Kosovo Delays Vote On Wesley Clark Coal Project


By Die Morina and Rrahman Rama

A Kosovo parliamentary commission postponed voting on whether to send a government decision to grant extensive coal research licenses to a company chaired by retired US General Wesley Clark for parliamentary approval.

Kosovo’s Parliamentary Commission on Economic Development on Tuesday postponed voting on sending the government’s decision to issue a coal research licence to the company Kosovo Energy LLC Envidity for parliamentary approval after opposition MPs demanded more clarity about a scheme that some have described as a virtual monopoly.

“We should not vote on this today, because we do not know the history of this company,” Pal Lekaj, an MP from the Alliance for the Future of Kosovo, AAK opposition party, said at the commission meeting.

He added that before discussing the government decision, there should be a public debate with the residents of areas that the company wants to explore, as well as a feasibility study.

A BIRN investigation published on Tuesday revealed that Kosovo’s government in August approved giving the Canadian-based energy firm Envidity Energy Inc – chaired by retired US General Wesley Clark – the right to search for coal on more than a third of Kosovo’s total territory.

The investigation showed that the Kosovo government previously amended the Law on Mining to allow coal research rights to be granted without a public tender, one month before Envidity submitted its request.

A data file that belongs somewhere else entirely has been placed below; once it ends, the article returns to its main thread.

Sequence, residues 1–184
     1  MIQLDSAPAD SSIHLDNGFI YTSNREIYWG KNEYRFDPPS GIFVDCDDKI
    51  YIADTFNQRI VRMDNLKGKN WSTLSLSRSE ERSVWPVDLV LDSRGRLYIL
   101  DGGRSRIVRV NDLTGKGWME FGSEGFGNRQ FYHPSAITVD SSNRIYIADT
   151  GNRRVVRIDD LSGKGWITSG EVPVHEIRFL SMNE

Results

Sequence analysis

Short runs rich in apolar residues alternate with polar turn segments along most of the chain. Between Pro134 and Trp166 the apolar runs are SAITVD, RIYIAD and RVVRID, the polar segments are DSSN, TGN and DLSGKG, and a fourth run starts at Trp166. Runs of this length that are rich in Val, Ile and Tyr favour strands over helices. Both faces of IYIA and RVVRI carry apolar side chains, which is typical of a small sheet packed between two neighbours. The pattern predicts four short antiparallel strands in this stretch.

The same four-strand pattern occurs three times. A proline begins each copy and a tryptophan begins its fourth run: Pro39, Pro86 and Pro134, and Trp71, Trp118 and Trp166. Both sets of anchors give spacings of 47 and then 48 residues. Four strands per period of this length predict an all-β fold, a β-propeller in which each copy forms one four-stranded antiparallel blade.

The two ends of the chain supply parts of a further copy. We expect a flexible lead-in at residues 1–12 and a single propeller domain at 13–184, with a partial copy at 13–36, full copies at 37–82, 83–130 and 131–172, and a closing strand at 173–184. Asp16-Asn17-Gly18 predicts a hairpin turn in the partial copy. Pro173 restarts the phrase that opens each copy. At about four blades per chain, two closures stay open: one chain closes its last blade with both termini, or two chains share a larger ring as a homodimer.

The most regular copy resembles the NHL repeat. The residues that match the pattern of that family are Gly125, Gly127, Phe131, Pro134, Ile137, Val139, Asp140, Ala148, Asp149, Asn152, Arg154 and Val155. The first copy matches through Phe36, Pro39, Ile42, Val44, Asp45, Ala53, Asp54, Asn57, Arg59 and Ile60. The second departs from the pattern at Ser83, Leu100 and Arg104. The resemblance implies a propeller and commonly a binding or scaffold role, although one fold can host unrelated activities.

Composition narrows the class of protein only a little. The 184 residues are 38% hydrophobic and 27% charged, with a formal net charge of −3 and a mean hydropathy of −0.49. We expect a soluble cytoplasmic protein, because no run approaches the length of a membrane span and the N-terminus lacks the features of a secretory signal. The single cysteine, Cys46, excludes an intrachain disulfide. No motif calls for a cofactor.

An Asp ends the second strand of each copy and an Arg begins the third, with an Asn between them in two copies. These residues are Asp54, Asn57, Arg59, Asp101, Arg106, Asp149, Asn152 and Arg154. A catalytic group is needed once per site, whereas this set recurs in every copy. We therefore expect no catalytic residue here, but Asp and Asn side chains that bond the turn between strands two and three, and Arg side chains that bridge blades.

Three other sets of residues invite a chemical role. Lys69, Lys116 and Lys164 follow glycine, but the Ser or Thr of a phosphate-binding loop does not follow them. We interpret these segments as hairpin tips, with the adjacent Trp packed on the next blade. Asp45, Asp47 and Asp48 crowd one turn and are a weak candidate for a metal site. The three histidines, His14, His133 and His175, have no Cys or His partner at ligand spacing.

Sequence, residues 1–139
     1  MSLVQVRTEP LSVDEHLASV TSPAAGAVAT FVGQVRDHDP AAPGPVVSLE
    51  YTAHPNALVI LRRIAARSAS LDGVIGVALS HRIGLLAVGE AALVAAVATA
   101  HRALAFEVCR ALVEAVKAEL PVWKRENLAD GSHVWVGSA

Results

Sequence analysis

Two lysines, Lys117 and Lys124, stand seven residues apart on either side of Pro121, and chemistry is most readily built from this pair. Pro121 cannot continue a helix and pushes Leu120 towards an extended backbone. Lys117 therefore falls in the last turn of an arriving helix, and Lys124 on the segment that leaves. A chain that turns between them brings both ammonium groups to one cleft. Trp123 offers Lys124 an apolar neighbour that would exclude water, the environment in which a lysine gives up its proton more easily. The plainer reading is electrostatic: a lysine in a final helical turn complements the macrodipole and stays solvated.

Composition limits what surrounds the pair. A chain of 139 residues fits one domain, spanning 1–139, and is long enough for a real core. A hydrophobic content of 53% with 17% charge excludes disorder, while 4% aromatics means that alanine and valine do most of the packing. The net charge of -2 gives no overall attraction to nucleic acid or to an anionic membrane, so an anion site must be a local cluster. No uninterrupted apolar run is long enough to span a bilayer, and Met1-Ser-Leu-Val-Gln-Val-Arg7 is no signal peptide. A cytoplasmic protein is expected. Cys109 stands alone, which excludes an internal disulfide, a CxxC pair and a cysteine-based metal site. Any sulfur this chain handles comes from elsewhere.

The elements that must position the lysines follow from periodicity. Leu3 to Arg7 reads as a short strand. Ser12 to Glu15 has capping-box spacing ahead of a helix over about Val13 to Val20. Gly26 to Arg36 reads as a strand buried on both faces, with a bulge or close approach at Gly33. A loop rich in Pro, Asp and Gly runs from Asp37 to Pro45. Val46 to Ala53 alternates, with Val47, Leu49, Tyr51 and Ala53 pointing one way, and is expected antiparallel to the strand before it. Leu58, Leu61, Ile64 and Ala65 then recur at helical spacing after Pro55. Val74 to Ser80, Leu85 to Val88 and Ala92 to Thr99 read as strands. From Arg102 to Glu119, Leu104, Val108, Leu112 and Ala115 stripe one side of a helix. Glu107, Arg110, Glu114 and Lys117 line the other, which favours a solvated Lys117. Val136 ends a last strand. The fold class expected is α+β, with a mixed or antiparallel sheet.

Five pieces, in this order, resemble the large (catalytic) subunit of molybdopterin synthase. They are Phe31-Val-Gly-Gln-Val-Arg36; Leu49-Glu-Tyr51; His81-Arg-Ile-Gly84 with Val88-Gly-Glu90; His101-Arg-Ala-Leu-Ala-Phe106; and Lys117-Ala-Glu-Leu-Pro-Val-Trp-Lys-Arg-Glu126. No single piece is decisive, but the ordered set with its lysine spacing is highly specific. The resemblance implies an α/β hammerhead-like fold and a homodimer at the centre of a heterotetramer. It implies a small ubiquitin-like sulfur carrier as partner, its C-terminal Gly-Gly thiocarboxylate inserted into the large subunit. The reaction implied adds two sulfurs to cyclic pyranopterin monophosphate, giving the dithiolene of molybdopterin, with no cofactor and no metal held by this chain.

While Envidity still has to await approval of the deal by parliament before moving forward with the exploration, some maintain that – by granting the company research rights over such a wide area – Kosovo has effectively given it a monopoly to exploit the country’s rich coal reserves.

Kosovo’s Finance Minister Avdullah Hoti told the commission however that the implementation of the project would be in Kosovo’s economic interests and would create job opportunities.

“According to government estimates, the proposed project represents the public-private interest… By deciding in favour of this project, the parliamentary commission will pave the way for a deeper study on this project to proceed,” Hoti said.

But Enver Hoti, an MP from opposition party NISMA, argued that granting the licence would contravene the Law on Mining.
– See more at: http://www.balkaninsight.com/en/article/kosovo-parliament-postpones-wesley-clark-s-coal-plans-09-13-2016#sthash.QkPHzzii.dpuf

Balkan Insight

The Balkan Insight (formerly the Balkin Investigative Reporting Network, BIRN) is a close group of editors and trainers that enables journalists in the region to produce in-depth analytical and investigative journalism on complex political, economic and social themes. BIRN emerged from the Balkan programme of the Institute for War & Peace Reporting, IWPR, in 2005. The original IWPR Balkans team was mandated to localise that programme and make it sustainable, in light of changing realities in the region and the maturity of the IWPR intervention. Since then, its work in publishing, media training and public debate activities has become synonymous with quality, reliability and impartiality. A fully-independent and local network, it is now developing as an efficient and self-sustainable regional institution to enhance the capacity for journalism that pushes for public debate on European-oriented political and economic reform.

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